This is a pretty good question, often asked of anarchists, sometimes with the intention of having a serious discussion but usually not. True, the question is born of the dystopian connotations of the word “anarchy” that people with power have spent centuries trying to associate with any alternative to their rule. If you think that “anarch-” means a desire for chaos and fear with the result of people being helpless to anyone who wants to lord over them, I would recommend you familiarize yourself with anarchist history and anarchist political thought, and maybe reflect on how little sense that would make.
It’s still a reasonable question, though, that deserves further exploration. Who would “enforce” “the law”, in the absence of hierarchy or top-down control? The words “enforce”, “law”, “punish”, etc. have authoritarian connotations, and quickly smuggle hidden assumptions into the discussion. Yet it can easily be shown that, when “law” is defined so broadly as to includeall methods of upholding social order, it is not only undesirable, but in fact logically impossible to do away with it. Imagine if anarchism actually were, as a lot of people seem to think, the view that people should be able to kill, burn down houses, rape, and steal and get away with it with no penalty. (Why anybody would advocate that, I’m not really sure. Why we would want that when we don’t exactly hide that the reason we hate the state and capitalism is because it does precisely that on a daily basis, lord knows.) Anyway, in order for this scenario to proceed, it would need to be forbidden for the people you’re attacking to be able to fight back and stop you, otherwise they would probably do that, as people, being living creatures, tend to have a self-preservation instinct. And that would be, of course, a law. Otherwise the victims would retaliate and put this behavior to an end. In fact this is not too far off from how actual law originated — from the murderers and robbers powerful enough to crush any resistance to their actions, who then mystified this state of affairs with religion, mythology, and/or various other forms of gobbledygook. Whoops!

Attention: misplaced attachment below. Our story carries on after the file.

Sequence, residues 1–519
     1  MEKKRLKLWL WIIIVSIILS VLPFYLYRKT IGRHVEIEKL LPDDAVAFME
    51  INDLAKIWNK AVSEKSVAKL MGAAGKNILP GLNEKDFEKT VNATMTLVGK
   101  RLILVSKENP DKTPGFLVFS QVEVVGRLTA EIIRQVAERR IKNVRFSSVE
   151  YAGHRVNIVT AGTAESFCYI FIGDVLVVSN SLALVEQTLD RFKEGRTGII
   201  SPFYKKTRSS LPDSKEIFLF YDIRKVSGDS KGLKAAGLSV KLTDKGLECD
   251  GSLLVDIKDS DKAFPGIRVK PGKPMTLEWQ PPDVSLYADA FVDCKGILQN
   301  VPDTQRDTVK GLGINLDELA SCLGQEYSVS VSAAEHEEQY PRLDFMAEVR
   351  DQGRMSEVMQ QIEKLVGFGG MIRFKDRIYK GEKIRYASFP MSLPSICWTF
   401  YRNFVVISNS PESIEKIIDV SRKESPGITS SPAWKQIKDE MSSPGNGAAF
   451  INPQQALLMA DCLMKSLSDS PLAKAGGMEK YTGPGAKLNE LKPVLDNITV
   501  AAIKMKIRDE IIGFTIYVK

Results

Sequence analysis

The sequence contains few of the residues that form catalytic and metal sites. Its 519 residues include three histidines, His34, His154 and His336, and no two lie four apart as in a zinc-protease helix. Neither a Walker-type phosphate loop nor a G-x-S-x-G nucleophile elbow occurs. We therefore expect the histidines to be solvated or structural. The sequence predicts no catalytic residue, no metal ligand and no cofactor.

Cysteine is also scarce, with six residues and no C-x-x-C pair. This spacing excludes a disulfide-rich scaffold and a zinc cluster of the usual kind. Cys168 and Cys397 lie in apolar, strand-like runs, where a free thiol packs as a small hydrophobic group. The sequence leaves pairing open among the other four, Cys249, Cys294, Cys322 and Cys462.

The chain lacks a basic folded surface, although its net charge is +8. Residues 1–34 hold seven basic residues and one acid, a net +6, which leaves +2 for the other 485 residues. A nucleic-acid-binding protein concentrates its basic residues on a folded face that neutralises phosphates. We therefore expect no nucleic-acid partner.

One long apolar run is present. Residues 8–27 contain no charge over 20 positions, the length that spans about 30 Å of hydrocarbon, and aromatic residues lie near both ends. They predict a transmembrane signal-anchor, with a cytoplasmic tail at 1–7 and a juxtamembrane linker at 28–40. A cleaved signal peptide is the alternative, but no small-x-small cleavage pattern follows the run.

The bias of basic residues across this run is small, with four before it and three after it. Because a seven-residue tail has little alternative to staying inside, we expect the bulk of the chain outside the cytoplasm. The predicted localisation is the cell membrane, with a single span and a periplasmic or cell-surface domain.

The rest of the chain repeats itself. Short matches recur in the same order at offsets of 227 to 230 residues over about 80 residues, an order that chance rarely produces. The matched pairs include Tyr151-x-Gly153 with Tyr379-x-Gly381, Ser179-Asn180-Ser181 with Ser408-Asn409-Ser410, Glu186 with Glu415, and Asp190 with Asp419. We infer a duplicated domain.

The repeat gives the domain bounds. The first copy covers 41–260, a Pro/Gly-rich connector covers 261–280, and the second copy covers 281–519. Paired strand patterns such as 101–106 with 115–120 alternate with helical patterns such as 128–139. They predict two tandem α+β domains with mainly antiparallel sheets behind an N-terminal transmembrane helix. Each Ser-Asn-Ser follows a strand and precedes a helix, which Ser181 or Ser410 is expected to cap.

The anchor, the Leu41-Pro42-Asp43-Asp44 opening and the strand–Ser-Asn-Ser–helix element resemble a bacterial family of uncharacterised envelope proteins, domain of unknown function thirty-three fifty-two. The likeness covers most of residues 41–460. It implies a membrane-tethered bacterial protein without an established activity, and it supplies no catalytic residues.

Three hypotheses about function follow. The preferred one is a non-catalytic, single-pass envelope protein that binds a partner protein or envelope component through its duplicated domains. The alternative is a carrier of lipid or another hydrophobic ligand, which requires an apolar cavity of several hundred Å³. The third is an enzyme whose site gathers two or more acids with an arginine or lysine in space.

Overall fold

If everyone can do anything they want, then you end up not with “anarchy”, but with the whole spectrum of possible societies and social arrangements, depending on what it is that people want to do. People might defend themselves from the aforementioned “anarchic” behavior, and no more. Or a group of people might organize to bully those around them into obeying their own arbitrary rules. Or there might be an oppressive ruling ideology that everyone feels bound to. Or people might believe that there is a group of people with the authority to legitimately rule them. Or…something else. There is no historical, etymological or logical reason to call this set of possibilities “anarchy”. “Anarchy” as opposed to what? What would be the alternative, exactly? This is simply the human predicament. Everything — from warlord-states, theocracies, and traditional monarchies to industrial “social-democratic” and Communist states — falls under this umbrella.
The word “law” itself is misleading, and one might suspect this is intentional on the part of those who create it. There is in reality a law of gravity, of electromagnetism, etc. but there is no physical law that prevents one from, say, killing somebody. Rather, there are social restrictions on our behavior, more accurately described as social penalties and patterns of retaliation, since it is practically impossible to literally prevent someone from doing such a thing, if they have a mind to. Any form of “government” or “law” is not some supernatural source of order imposing itself on the human race, but a specific yet fluctuating pattern of actions, social relationships and ideologies shared by the people in an area, resulting in restrictions on human behavior. So if “anarchy” meant anything concocted by us ordinary mortals, then of course we would already be there, and we would have no way of getting out of it. So the real debate would be how best we can create a society reflecting values of freedom, human dignity and justice. Which, of course, is exactly what we are talking about.